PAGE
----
Posted by: Ian | July 29, 2011

Col de la Battaglia widdershins

Yesterday I rose earlier enough to get in my third and final sportive-length ride during our fortnight here in Corsica. For my route, I extended the shorter route I described last time with an ascent over the Col de la Battaglia – or the Bocca di Battaglia, if you prefer Corsican to French.

When I fired up the Garmin 800 it offered to “Navigate to start of route”. I usually decline this prompt but this time I accepted. The consequence was that for the next couple of miles the Garmin offered no information about where I was or how far I’d travelled or what speed I was cycling at. To fix it I simply went to Stop Course and then re-started it: the Garmin immediately found my current location (now disclosing how far I’d already cycled and so forth) and all was well.

Here’s a shot of one of the first villages the route passes through (Pigna), with views beyond towards Calvi):

I made good progress up the first hill and along the flat, and in about an hour turned right off the shorter route from last time up towards the village of Speloncato. The gradient steepened and no sooner did it do so than my bike started wailing. At first I thought I had something stuck in the spokes but I quickly determined that the chain was running completely dry. Now, the chain (an excellent KMC) is quite new and since fitting it I’ve so far left it uncleaned and unoiled to benefit from the special grease the manufacturers apply at the factory. Evidently that’s all worn off: it sounded terrible.

Stuck in the absolute middle of nowhere, I had no option but to carry on with the ride. Cloud had settled over the mountains some way before the top of the pass so I couldn’t even distract myself with the views. It was a shame: at the col, which I reached by 9 a.m., I was higher than all of England.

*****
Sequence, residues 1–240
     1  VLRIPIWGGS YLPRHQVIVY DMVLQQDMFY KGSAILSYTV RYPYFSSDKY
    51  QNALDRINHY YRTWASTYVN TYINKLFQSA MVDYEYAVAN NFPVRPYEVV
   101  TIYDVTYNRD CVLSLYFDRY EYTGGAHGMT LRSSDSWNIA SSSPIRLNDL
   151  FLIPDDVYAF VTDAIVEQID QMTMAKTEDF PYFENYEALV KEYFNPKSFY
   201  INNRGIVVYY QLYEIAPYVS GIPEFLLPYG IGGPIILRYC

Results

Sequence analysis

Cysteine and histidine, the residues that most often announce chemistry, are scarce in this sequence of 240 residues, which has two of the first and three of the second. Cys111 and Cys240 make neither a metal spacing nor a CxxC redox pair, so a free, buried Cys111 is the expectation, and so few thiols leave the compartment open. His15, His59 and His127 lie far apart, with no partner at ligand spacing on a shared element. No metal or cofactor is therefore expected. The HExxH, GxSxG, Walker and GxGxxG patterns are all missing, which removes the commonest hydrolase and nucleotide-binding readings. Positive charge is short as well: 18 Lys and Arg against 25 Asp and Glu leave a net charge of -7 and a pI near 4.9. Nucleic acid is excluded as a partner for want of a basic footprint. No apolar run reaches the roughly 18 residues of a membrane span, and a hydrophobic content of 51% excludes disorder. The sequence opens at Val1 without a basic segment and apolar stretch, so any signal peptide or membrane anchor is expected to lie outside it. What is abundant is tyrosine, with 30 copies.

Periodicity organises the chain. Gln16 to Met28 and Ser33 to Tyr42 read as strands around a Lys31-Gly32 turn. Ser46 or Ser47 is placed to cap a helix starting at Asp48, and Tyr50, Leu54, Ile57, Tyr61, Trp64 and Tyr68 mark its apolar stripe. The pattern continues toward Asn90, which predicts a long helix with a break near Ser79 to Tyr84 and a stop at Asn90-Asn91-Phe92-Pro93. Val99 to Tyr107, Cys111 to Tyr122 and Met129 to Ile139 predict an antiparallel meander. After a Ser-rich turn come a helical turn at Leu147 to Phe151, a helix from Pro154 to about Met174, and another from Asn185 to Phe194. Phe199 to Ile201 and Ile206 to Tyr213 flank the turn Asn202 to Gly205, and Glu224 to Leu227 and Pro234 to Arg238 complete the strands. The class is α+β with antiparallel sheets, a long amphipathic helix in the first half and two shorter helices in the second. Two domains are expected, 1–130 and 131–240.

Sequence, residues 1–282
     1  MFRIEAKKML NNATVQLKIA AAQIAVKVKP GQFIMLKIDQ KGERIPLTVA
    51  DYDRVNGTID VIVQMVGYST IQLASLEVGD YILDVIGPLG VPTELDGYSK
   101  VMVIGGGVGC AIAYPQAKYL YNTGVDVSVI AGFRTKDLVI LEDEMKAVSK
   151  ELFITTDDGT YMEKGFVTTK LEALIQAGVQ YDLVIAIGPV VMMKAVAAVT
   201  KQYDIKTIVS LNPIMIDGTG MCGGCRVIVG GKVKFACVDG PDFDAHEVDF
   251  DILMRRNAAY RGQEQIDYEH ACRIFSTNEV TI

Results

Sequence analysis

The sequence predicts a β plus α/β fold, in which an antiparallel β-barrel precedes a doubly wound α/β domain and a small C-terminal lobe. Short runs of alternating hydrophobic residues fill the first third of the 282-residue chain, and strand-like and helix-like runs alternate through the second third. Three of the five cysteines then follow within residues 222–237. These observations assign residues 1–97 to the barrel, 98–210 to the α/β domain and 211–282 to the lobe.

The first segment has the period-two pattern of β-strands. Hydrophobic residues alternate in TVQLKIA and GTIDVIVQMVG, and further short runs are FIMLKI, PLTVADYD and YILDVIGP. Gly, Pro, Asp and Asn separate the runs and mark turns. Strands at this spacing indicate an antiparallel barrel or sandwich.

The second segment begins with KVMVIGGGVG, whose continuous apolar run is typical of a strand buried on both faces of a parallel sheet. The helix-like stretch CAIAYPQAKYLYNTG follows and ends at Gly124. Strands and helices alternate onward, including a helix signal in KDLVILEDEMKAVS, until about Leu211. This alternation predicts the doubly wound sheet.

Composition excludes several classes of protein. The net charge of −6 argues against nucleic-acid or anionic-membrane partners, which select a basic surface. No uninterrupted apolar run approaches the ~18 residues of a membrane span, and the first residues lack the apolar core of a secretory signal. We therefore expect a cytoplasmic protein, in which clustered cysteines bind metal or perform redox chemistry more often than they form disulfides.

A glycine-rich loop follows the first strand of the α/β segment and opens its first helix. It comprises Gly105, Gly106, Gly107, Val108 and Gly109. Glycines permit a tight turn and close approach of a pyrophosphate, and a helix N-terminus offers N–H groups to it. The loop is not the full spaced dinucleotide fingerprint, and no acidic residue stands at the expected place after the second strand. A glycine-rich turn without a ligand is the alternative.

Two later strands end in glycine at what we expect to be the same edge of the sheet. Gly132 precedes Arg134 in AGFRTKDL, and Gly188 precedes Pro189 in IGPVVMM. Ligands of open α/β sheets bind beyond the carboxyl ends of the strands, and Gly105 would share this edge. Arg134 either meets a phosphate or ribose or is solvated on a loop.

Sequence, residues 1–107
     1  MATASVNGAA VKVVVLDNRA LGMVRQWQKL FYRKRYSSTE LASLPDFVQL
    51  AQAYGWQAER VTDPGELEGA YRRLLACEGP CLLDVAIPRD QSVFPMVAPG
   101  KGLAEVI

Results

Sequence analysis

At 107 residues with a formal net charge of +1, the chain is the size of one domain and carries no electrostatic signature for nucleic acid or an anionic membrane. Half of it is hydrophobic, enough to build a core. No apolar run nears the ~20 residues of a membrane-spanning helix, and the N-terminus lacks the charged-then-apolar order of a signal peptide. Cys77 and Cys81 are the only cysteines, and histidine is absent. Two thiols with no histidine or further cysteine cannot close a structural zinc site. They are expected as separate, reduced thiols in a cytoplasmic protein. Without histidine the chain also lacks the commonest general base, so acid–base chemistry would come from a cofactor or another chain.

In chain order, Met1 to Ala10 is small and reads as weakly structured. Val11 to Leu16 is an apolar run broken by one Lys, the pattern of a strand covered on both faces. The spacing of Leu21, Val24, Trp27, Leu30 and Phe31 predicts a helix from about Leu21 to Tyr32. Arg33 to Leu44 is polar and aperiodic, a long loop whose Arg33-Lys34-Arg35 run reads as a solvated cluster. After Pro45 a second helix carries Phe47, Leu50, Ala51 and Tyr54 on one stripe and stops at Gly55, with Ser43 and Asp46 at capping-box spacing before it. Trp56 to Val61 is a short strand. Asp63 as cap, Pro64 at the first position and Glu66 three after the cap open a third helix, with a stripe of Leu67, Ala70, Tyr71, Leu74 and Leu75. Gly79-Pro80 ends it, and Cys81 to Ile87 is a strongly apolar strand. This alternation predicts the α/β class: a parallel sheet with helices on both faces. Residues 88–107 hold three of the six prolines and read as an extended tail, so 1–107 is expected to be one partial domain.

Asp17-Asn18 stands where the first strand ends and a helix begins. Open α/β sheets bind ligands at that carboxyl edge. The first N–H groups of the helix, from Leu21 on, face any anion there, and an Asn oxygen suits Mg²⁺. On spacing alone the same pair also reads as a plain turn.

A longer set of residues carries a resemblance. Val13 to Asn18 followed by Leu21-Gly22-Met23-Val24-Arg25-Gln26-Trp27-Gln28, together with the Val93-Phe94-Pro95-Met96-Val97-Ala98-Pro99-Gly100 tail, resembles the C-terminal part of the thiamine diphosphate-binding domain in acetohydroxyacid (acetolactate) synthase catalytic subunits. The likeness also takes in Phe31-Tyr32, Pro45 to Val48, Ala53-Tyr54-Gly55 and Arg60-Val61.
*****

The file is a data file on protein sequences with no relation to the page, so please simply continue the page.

On the way down the other side of the pass I was soon out of the cloud and cycling through very pleasant woodland of chestnut and oak. After several miles of this I rejoined the head of the valley up from Piana that I struggled up the other day and then had a fabulous extended descent, first down to Belgodere and from there on down to the coast road. The Astraeus groaned less on the descent and I freewheeled more than usual to spare it. In Ile-Rousse I bought and applied some chain oil: it was transformational.

The entire circuit back to the villa ran to 53 miles with 5,000 feet of ascent.

It transpired that this wasn’t my last sportive-length ride of the holiday after all. Both Paula and Zoe fancied the idea of doing the 37 mile ride that I described last time, though in Zoe’s case without the initial seven or eight miles of climbing. Inconveniently, today was our last day with the Giant that we had rented for Paula so first I did the ride with Paula and then, after a quick stop for a baguette and croissant at the villa, drove Zoe and the two bikes up to the top of the hill and did it again. Zoe peeled off and went back to the villa at the end instead of following me back up the hill to the car. For Zoe, who doesn’t ride much these days and is probably getting a bike for her birthday with a view to taking it up again, the 15 or so miles of flat followed by a five or six mile descent and then a slightly lumpy eight or nine to round out her ride (with a tartelette aux fraises en route in Ile-Rousse) was ideal. Paula enjoyed doing the complete ride, and I was pleased to have an unexpected 70 mile day.


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